[By Schintelle Harte]

If someone were to ask ‘what makes you happy’, what would your answer be? Family? Friends? Money?

What about your job?

Sadly, not many people can say they love or even enjoy their jobs, and their misery is reinforced by the abundance of witty yet painfully accurate memes about the daily routine of working.

This past May, Global released findings from a poll conducted by Ipsos Reid in April/May 2016 with a sample of 1,001 Canadians from their online panel. The data revealed that, among other things, “a strong 45 per cent said getting a new job or career would help their personal well-being.” In Alberta and Ontario, “half of the province’s residents agreed they would be happier with a job change.” Having a job and going to work shouldn’t feel like a chore, yet for many people it does.

A millennial survey, which included 7,800 respondents across 29 countries conducted by Deloitte last year found that ultimately, “nearly two thirds (61%) of millennials credited “purpose” as the reason for why they work at their current jobs.” The survey also found that 50 per cent would sacrifice a pay cut if it meant finding a job that matches their values, and a majority (90%) said they wanted to use their skills to do good. This clearly shows money is not always the motivation behind a job or career path, nor should it be.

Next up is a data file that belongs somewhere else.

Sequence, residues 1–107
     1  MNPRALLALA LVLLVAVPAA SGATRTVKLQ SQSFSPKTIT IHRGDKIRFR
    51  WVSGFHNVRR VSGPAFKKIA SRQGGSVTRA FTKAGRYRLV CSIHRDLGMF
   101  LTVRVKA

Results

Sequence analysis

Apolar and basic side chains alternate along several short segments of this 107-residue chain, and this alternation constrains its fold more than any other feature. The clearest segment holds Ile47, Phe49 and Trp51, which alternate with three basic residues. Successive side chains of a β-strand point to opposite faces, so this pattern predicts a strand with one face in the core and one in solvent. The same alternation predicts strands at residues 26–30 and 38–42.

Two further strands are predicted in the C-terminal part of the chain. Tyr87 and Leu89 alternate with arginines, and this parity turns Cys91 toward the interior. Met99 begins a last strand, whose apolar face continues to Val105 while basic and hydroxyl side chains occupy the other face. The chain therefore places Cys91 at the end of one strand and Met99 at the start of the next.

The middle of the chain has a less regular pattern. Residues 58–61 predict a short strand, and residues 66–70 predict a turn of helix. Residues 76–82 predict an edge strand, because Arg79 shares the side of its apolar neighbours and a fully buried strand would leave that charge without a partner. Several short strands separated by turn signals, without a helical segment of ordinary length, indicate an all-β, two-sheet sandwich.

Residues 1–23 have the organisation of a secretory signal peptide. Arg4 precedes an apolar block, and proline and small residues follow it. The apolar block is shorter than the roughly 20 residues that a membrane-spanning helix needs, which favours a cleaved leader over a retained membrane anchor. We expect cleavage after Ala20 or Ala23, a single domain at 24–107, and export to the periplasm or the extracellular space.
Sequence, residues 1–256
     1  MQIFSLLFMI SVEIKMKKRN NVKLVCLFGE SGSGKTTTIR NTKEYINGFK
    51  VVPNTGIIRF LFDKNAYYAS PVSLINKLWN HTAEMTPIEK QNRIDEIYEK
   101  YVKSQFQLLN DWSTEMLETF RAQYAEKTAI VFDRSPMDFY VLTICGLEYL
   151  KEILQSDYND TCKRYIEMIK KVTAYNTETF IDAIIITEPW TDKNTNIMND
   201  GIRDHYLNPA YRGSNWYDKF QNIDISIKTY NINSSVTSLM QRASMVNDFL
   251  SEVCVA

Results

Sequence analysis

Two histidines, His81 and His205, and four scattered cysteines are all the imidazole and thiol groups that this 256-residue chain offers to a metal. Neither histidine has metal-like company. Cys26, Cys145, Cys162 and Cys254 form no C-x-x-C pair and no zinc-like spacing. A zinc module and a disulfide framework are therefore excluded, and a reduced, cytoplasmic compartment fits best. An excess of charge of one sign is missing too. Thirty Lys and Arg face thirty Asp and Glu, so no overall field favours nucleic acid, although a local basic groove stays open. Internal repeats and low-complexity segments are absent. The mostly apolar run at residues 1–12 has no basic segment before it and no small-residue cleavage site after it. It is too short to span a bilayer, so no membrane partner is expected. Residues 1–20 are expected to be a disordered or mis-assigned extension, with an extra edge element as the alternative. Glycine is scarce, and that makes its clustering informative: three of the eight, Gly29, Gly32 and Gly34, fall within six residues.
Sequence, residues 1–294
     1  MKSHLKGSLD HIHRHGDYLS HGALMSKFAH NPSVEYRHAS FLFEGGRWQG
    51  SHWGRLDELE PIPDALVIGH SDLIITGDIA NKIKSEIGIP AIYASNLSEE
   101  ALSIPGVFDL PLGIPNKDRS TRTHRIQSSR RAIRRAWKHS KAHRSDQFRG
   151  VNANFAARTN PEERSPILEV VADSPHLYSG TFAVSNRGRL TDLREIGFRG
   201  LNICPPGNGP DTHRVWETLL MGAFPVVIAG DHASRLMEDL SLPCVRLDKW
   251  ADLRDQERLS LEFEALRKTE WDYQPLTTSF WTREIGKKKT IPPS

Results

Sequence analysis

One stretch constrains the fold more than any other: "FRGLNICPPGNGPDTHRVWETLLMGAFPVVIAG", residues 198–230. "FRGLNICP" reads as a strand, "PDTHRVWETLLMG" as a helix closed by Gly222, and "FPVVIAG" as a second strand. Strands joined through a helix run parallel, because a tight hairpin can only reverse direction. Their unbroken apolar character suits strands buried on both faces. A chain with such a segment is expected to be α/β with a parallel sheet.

What can you do?

I once had a professor who said, “if you forget everything you’ve learned this year, I want you all to remember this one thing: Don’t get a job where you work for eight hours, go home and come back the next day to repeat the process. Find a career that you love. Seek interesting work that changes, challenges and engages you daily.”

Years later, I still cherish those words.

So again, what makes you happy? Are you sacrificing your sanity, well-being or joy for a cheque? I get that we all need a means to survive, but I also believe that at the end of the day, what we do matters, and how we do it matters. To quote the famous Thomas A. Edison, “what you are will show in what you do.”

Don’t sell yourself short by waiting for the weekend to enjoy life. It’s miserable, and quite honestly, never-ending.

(Photo by zzkt via flickr)